Post 7: Translating is not the only thing translators can do…

The idea for this blog post came from an excellent presentation given by Isabel Espuelas at the Proz.com conference held in Barcelona in December 2014 entitled Traducir no es lo único que puede hacer un traductor (Translation is not the only thing a translator can do). 

Isabel explained that while there are many of us who actually enjoy spending the whole day in front of the computer, translating and producing beautiful documents (can I get whoop-whoop for us desk slaves who love doing this?!), there are other translators among us who for whatever reason (contact with others, economic motivations, etc.) prefer to combine translation with another discipline. And that variety is spice of this wonderful life! Isabel gave the example of Scheherezade Surià, who incorporates audiovisual and literary translation with giving English classes. Isabel herself is another example of this; she felt that she had solid business skills she could take advantage of as a translator, and so she started up as a translation project coordinator. During her presentation, Isabel gave us an insightful look into her world and delved deep into the how to coordinating clients’ projects effectively as well as how to look after your team of translators. I would highly recommend watching video of her whole presentation (Spanish), which can be seen here: http://tinyurl.com/q8ekrwv (courtesy of Gabriel Cabrera). When it comes to diversification, this is a really inspiring video!

This got me thinking about translator friends, whose professional lives involve translation and other interesting projects too. So, I’ll stop talking (writing) now and hand you over to Martine Hansen of MIH Consulting. Martine is a NO>SP, SV and NO<>EN translator and interpreter, who combines these skills with language teaching and being a tourist guide. She is originally from Norway and has been living in Barcelona since 2010.

 

Martine Hansen MIH Consulting Email: martinehansen.traductora@gmail.com LinkedIn: http://tinyurl.com/q9u35rq
Martine Hansen
MIH Consulting
Email: martinehansen.traductora@gmail.com
LinkedIn: http://tinyurl.com/q9u35rq

Martine, when did you feel you would like to do something as well as translating and why?

I always felt like I wanted to do other things as well as translating. Being a translator means that you have to dominate the languages you work with at a very high level, at native level, so you need to use those languages as much as possible. The more I used my languages in other areas, the more I can apply my knowledge and understanding to my translation work . When I was studying Translation and Interpreting, I knew that I wanted to do other things as well as translation, so I would be in constant “evolution”, let’s say, towards my goal of being a professional translator and I could apply what I learnt to my future work. This was my real motivation.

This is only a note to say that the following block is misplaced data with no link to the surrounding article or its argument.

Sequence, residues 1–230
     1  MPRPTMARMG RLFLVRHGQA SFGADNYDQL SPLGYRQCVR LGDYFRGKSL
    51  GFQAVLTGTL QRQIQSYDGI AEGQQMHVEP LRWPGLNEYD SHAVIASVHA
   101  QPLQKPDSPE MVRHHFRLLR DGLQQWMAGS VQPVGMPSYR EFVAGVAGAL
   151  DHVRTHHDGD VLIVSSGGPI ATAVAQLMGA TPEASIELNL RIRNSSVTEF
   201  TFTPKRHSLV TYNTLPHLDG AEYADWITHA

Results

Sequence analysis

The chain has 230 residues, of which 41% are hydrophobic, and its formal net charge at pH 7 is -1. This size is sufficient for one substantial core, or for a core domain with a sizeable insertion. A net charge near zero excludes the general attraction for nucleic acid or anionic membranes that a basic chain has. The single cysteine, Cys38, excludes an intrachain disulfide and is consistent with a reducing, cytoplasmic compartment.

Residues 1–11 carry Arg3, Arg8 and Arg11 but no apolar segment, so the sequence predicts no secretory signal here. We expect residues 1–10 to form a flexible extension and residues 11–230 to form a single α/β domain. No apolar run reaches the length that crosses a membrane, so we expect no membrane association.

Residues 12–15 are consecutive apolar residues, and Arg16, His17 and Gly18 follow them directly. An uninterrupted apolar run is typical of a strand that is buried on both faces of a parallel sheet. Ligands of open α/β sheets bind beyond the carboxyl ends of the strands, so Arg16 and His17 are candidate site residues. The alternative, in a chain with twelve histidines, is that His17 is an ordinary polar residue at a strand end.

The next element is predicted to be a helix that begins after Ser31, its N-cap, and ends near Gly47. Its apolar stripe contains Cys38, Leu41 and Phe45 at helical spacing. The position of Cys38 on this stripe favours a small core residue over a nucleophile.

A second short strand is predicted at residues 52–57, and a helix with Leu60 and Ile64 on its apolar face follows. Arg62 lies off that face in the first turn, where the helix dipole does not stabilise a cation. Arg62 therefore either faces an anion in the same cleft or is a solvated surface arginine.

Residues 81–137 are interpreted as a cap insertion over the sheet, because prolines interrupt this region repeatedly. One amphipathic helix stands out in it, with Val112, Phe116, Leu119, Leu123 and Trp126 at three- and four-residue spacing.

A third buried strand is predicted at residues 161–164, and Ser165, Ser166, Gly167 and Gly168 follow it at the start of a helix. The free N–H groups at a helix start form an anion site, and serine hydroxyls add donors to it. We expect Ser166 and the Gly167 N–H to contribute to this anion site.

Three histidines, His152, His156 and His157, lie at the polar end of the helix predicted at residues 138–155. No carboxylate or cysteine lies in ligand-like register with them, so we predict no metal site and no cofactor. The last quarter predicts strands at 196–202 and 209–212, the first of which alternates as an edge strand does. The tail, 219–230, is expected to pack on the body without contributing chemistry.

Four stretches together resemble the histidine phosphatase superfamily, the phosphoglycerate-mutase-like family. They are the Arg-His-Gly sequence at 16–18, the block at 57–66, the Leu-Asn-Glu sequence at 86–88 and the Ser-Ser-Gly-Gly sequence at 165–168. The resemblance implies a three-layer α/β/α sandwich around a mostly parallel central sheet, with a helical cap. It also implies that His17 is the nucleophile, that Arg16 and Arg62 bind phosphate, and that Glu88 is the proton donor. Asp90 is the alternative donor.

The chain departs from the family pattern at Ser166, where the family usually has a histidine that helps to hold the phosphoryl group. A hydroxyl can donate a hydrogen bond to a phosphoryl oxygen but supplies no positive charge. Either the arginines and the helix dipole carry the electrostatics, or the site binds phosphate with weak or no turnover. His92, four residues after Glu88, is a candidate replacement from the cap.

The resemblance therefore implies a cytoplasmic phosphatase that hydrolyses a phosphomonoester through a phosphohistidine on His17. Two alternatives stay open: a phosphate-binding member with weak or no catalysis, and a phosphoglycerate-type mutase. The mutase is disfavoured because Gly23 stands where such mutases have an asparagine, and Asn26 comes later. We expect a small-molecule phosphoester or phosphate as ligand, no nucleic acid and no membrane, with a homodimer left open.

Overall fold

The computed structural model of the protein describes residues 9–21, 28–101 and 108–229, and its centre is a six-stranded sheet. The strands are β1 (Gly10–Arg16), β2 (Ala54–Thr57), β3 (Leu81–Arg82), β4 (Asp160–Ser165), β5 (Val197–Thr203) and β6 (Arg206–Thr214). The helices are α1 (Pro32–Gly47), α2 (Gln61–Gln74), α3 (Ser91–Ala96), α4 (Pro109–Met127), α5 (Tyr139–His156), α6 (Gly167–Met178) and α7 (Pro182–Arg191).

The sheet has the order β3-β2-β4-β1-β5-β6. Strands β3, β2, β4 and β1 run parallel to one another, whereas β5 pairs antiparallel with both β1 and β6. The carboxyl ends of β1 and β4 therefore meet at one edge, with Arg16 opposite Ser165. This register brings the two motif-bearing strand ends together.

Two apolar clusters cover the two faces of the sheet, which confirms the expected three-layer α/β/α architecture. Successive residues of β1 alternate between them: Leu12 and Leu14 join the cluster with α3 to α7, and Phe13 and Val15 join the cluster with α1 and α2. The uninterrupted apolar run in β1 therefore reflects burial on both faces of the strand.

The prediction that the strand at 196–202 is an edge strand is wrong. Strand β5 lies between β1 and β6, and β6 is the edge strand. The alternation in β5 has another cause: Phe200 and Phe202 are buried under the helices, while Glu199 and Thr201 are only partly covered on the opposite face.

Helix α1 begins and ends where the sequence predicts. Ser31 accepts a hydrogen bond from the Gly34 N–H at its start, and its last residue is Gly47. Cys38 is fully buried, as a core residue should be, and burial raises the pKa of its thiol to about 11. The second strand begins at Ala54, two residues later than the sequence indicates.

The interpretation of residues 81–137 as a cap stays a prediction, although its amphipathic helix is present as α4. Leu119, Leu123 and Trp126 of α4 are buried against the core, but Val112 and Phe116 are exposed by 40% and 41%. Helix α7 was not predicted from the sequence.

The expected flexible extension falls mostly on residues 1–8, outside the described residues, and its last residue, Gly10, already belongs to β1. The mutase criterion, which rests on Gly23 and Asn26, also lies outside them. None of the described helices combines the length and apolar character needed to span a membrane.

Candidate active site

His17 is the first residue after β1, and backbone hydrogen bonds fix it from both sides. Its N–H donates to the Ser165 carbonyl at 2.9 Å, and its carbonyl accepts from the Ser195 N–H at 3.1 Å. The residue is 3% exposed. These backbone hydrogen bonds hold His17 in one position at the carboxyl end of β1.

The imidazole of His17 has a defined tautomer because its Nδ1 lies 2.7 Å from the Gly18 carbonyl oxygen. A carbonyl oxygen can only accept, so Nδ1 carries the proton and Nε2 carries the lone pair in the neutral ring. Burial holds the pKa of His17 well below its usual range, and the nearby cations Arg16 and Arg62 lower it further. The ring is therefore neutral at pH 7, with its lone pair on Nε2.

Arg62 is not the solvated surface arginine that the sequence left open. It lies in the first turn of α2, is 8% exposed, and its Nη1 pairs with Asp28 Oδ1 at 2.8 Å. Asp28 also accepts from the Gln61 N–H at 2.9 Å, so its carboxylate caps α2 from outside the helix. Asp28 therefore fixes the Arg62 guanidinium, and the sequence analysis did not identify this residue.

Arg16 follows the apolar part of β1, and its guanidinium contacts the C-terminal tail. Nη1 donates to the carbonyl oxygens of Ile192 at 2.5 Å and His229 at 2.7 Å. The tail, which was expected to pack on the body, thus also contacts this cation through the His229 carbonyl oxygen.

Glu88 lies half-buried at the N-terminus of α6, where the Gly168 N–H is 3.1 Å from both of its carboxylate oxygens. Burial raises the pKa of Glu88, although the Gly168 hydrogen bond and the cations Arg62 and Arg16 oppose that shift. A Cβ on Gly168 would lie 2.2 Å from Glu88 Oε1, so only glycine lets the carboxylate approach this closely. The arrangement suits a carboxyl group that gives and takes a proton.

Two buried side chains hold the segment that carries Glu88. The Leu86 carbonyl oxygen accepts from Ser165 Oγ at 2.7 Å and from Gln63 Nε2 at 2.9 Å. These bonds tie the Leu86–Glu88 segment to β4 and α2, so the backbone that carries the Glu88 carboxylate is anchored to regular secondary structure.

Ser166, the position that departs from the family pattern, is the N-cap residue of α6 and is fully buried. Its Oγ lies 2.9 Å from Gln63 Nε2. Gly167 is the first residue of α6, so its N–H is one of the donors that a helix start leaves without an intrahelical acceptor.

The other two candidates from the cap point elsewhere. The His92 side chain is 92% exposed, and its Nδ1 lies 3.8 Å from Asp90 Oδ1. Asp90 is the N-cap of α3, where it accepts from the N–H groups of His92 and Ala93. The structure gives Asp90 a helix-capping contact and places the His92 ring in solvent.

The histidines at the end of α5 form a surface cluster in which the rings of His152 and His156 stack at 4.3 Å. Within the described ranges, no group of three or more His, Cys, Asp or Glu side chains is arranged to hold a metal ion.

What else you do in addition to translating?

I’m the main Norwegian teacher at a Scandinavian school called Institut Nòrdic in Barcelona. I teach Norwegian language, history and culture to adults of all ages who want to go to Norway to work or who want to learn the language for other reasons. Right now I have 8 different classes at all levels, and also give some private lessons.

On top of teaching, I also work as a guide from time to time. I work with a couple of travel agencies, and I guide groups of Norwegian, Swedish, Danish and English speakers in Barcelona. It can vary from walking tours, bus or bike tours, or tapas tours, or just picking them up from the airport and accompanying them to their hotel or a restaurant. I love helping them to communicate with the local people and interpreting for them when we come Spanish or Catalan speakers.

Being a tour guide also gives me the chance to use my knowledge to help others, and last but not least, the chance to get out of the house! Translating is a very lonely job, sometimes you need variety and to be among other human beings!

 

Did you come across any obstacles at the beginning of your professional trajectory?  How did you overcome them?

Yes, I did. I think the main obstacle was, without doubt, understanding how to get established and how to work as an self-employed freelancer. There are a lot of rules and laws you need to comply with regarding finance, billing, taxes, VAT and accounting and it is sometimes difficult to access this information. And another obstacle finding clients. In the beginning I had to do a lot of marketing to get my name out know there. However, with the right accountant and the advice from other professionals in the same situation, I managed to overcome these barriers. Most importantly I dedicated a lot of time and hard work to this, which is an absolutely essential if you work as a freelancer! I’d advise newbies to look into all of these aspects before setting up!

What does a typical day in your life consist of? Is every day different?

Yes, every day is different – I love the variety. One day I may wake up early in the morning to work on translations, then later on, I give a couple of private lessons and then in the evening give classes at the school until 10.00 pm. But other days, if I don’t have classes, I might be able to get up later, and as well as translating, I go and pick up a group for a guided tour. The only thing regular events in schedule each week are normally the hours I teach at the school, as the students have classes on the same day every week. Some weeks I also have to work during the weekends.